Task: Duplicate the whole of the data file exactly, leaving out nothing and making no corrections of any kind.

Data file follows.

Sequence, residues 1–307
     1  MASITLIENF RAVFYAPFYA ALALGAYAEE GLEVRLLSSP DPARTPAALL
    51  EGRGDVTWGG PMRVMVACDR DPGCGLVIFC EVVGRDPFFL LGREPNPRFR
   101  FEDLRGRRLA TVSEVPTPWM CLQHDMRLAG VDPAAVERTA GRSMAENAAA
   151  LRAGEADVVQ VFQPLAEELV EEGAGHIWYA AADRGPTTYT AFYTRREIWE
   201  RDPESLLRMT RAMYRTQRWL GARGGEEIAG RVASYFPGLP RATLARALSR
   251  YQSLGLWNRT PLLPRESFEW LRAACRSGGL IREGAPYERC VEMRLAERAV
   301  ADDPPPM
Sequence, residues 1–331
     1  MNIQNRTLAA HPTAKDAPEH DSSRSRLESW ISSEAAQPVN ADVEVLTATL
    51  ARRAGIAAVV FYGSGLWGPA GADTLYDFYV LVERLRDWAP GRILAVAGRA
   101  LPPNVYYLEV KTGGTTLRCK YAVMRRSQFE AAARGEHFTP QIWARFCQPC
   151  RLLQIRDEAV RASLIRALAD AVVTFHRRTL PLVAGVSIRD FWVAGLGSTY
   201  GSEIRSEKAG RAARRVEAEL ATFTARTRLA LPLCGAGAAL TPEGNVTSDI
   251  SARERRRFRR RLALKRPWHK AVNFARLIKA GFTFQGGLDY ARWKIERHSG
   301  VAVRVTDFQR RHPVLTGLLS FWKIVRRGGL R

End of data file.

Sequence, residues 1–307
     1  MASITLIENF RAVFYAPFYA ALALGAYAEE GLEVRLLSSP DPARTPAALL
    51  EGRGDVTWGG PMRVMVACDR DPGCGLVIFC EVVGRDPFFL LGREPNPRFR
   101  FEDLRGRRLA TVSEVPTPWM CLQHDMRLAG VDPAAVERTA GRSMAENAAA
   151  LRAGEADVVQ VFQPLAEELV EEGAGHIWYA AADRGPTTYT AFYTRREIWE
   201  RDPESLLRMT RAMYRTQRWL GARGGEEIAG RVASYFPGLP RATLARALSR
   251  YQSLGLWNRT PLLPRESFEW LRAACRSGGL IREGAPYERC VEMRLAERAV
   301  ADDPPPM
Sequence, residues 1–331
     1  MNIQNRTLAA HPTAKDAPEH DSSRSRLESW ISSEAAQPVN ADVEVLTATL
    51  ARRAGIAAVV FYGSGLWGPA GADTLYDFYV LVERLRDWAP GRILAVAGRA
   101  LPPNVYYLEV KTGGTTLRCK YAVMRRSQFE AAARGEHFTP QIWARFCQPC
   151  RLLQIRDEAV RASLIRALAD AVVTFHRRTL PLVAGVSIRD FWVAGLGSTY
   201  GSEIRSEKAG RAARRVEAEL ATFTARTRLA LPLCGAGAAL TPEGNVTSDI
   251  SARERRRFRR RLALKRPWHK AVNFARLIKA GFTFQGGLDY ARWKIERHSG
   301  VAVRVTDFQR RHPVLTGLLS FWKIVRRGGL R